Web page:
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  • Author or Editor: Ronald C. Smith x
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Abstract

Landscape design, landscape construction, landscape maintenance, and landscape irrigation projects require an accurate bidding/estimating procedure for effective cost controls and profit generation. Everything entering into the bid price must end up on a spreadsheet to determine the final figures, including an estimate of profit. As one of the last phases of the bidding process, the spreadsheet calculations are a constant source of potential error in figure transposition, miscalculation, or omission, which could lead to profit loss or to the nonawarding of a project in a competitive bidding situation. Powerful electronic spreadsheets are available for use on microcomputers, but few are used in the industry due to their high cost, the generic nature of the spreadsheet programs, and the unavailability of spreadsheets specifically constructed for bidding. Additionally, electronic spreadsheets generally require formatting with appropriate equations before they can be used (1).

Open Access

Abstract

With thousands of species and named cultivars to choose, it is a challenge to select appropriate plants for landscape applications (3). Selections of annual and perennial plants with specific pictorial characteristics (color, height, longevity, and blooming period), water requirements, and propagation methods can be time-consuming.

Open Access

Abstract

Environmental concerns and disadvantages of synthetic insecticides have stimulated interest in natural chemicals derived from plants for insect control. Extracts from seeds of the neem tree (Azidirachta indica A. Juss) have attracted attention as an insecticide not only because of its broad spectrum action, but also because it has demonstrated uncommon safety to man and warm-blooded animals and the environment (Henkes, 1986). Furthermore, neem extract has been reported to act systemically to effectively control serpentine leafminer (Liromyza trifolii Burgess), a serious pest on ornamentals and vegetables due mainly to pesticide resistance (Larew et al., 1984; Lindquist et al., 1986; Stein and Parrella, 1985; Webb et al., 1983). Larew et al. (1984) demonstrated that neem soil drenches provided systemic control of L. trifolii for up to 3 weeks. Lindquist et al. (1986) investigated the use of neem insecticide (Margosan-O) as a preshipping crop treatment by soaking bare root cuttings in neem solutions. Their 2- to 4-hr soaks (3.0% Margosan-O) effectively controlled leafminers for 4 weeks. The objective of this study was to determine if a simple in-transit application method could provide control of serpentine leafminers on chrysanthemum.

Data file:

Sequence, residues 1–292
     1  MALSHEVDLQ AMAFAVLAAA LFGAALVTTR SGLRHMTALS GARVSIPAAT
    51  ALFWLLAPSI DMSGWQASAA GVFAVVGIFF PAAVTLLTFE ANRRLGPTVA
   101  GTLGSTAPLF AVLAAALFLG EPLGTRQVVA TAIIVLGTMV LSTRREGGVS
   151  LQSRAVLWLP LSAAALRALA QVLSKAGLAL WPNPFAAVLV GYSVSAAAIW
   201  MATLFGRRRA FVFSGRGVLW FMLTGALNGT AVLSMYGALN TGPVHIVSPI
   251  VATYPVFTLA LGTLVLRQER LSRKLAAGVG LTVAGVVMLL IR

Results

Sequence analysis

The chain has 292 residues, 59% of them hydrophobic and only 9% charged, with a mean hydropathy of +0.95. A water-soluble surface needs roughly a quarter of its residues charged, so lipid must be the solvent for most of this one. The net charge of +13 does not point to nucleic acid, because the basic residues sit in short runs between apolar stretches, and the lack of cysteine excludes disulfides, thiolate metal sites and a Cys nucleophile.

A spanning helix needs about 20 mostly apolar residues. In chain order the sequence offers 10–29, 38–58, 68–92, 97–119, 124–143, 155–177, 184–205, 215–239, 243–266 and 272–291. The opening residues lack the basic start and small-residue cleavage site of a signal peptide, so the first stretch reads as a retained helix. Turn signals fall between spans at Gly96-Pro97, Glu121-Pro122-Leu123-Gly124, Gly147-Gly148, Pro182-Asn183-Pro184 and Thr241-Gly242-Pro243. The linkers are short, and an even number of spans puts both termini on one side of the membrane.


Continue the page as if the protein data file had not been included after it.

Open Access

Abstract

Vegetative and fruiting shoots were tagged in Oct. 1982 and 1983 on ‘Squirrel’, ‘Stuart’, and ‘Cape Fear’ pecan trees [Carya illinoensis (Wangenh) C. Koch], and flowering was determined the following years. One-year-old shoots were sampled from vegetative and fruiting shoots of each cultivar on 14 Oct. 1982, 9 Feb., 11 Apr., 14 Oct., and 24 Nov. 1983, and 6 Jan. and 17 Apr. 1984 and analyzed for reducing and nonreducing sugars and starch concentrations. Fruiting reduced return bloom of ‘Cape Fear’ in 1983 and 1984, and ‘Stuart’ in 1983. Sugar and starch concentrations varied inversely. Sugar concentrations were increased in November, January, and February, and starch concentrations were greatest during October and April. The total carbohydrate concentration in fruiting shoots of each cultivar was greater or equal to that of vegetative shoots in all but one instance. The degree of return fruiting was positively associated with cultivars with early fruit ripening dates.

Open Access

Seeds of a Kentucky bluegrass cultivar (Poa pratensis 'SD Common') and two native buffalograss (Buchloe dactyloides) strains, Texas (TX) selection and North Dakota (ND) selection, were tested for their germination tolerance to increasing levels of NaCl at 0, 0.05, 0.1, 0.2, 0.4, 0.6, 0.8, 1.2, 1.6, 2.0, 2.4, 2.8, 3.2% in solution. Both the TX and ND strains of buffalograss exhibited a high degree of salt tolerance with the upper limit of seed germination at 2.8% NaCl (2% to 7% germination after 6 days). At high NaCl concentrations, however, percent seed germination was much greater in the ND strain than the TX strain of buffalograss. For instance, seed germination at 0.8% NaCl was 90% in ND strain and 53% in TX strain as compared to the control. Kentucky bluegrass was least tolerant to NaCl with the upper limit of seed germination at 0.4% NaCl (14.7% germination in 6 days). Seed germination in Kentucky bluegrass was completely inhibited at 0.6% NaCl.

Free access